Amazon's loss makes holidays a question mark
Amazon's trademark smile icon is becoming more of a grimace. The world's largest online retailer reported a wider third-quarter loss than analysts expected and gave a disappointing holiday forecast.
Investors are increasingly irked by Amazon's strategy of investing heavily in new products and services to spur revenue growth while reporting quarter after quarter of losses or thin profit. The stock price tumbled 7 percent to $291 in morning trading Friday. That's on top of the 22 percent decline the stock has already suffered this year.
Chief Financial Officer Thomas Szkutak said the company had to be "selective" in taking on new projects. For years, Amazon's strategy has been spending the money it makes to grow and expand into new areas. It launched a smartphone, the Fire, this summer and has been offering a set-top video-streaming device, a streaming video service and several tablets and e-book readers.
The company has also been investing in services for its $99-a-year loyalty program, Prime. It has added a grocery delivery services and music streaming for Prime members as well as offering original TV shows such as the critically acclaimed "Transparent" starring Jeffrey Tambor.
But all of those initiatives cost money and time to develop. And not all of them have been hits.
The company's splashy launch of its Fire phone was quickly followed by mediocre reviews and a steep price cut to entice buyers. Amazon said it took a charge of $170 million related to "inventory evaluation and supplier commitment costs" for the Fire, although it did not give further details. Amazon has about $83 million of Fire phone inventory at the end of the quarter.
So investors are increasingly signaling that Amazon needs to work harder at turning a profit.
"The market was looking for more in terms of revenue and operating income and the fourth-quarter outlook," said Morningstar analyst R.J. Hottovy. "It's going to be a competitive landscape for retailers this holiday season and retailers will compete aggressively for consumers."
In a conference call with analysts, Szkutak said the company is focused on "using its capital wisely so that over time we get good returns on invested capital."
But he agreed the company needed to choose new projects carefully.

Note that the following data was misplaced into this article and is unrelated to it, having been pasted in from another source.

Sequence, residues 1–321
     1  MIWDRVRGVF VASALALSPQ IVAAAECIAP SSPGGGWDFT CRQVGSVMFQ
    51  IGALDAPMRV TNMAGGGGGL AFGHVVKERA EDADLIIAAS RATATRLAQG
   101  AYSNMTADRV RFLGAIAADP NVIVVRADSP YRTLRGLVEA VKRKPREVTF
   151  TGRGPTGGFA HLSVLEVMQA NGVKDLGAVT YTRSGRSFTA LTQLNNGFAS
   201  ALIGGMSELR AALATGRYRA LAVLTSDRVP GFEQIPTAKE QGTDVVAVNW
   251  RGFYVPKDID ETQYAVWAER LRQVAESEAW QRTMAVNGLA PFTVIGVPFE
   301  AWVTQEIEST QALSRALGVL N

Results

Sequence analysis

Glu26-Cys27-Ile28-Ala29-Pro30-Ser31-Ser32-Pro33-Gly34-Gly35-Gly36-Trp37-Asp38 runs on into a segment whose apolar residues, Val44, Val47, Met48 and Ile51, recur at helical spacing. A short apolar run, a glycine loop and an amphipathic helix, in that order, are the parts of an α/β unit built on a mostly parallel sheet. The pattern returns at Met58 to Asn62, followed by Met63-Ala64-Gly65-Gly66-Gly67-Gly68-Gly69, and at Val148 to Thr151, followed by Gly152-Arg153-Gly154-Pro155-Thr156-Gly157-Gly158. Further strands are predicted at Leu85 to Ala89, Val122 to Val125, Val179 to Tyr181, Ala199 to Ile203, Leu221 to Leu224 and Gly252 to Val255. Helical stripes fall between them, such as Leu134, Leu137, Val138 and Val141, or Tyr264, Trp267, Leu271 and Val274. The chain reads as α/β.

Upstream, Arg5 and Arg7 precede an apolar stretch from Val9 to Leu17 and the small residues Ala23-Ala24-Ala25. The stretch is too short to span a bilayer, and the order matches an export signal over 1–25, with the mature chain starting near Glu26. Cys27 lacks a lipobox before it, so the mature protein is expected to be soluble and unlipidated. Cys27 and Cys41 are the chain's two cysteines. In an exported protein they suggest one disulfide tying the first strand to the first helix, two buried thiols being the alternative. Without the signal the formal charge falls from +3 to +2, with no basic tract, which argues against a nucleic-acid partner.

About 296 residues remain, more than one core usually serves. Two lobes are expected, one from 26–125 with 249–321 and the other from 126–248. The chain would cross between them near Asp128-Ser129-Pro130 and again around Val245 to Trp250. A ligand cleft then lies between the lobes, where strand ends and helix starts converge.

"We certainly have been in several years now of what I will call in investment mode," he said. "There's still lots of opportunity in front of us but we know that we have to be very selective about which opportunities we pursue. "
Net loss for the quarter was $437 million, or 95 cents per share, far steeper than the loss of 76 cents per share analysts were expecting, according to FactSet. Revenue jumped 20 percent to $20.6 billion, but that fell short of expectations as well.
Amazon.com Inc. said it expects holiday quarter revenue of $27.3 billion and $30.3 billion, below analyst expectations of $30.9 billion. That's an increase of 7 percent to 18 percent—slower growth than the prior-year holiday quarter when sales rose 20 percent.
Szkutak said the stronger dollar will hurt fourth quarter revenue by about 2.5 percentage points.
The holiday period is crucial because retailers make a chunk of their annual profit, about 20 percent, in November and December. Overall, the National Retail Federation expects sales during the period to be up 4 percent to $617 billion.
Amazon CEO Jeff Bezos said the company was focused on making the holidays "easier and more stress free" than ever.
The company has hired 80,000 seasonal workers and has expanded its Sunday shipping service. It now has more than 50 distribution centers in the U.S., up from 40 last year. And in July it announced it was opening eight smaller sorting centers for a total of 15 by the end of the year.
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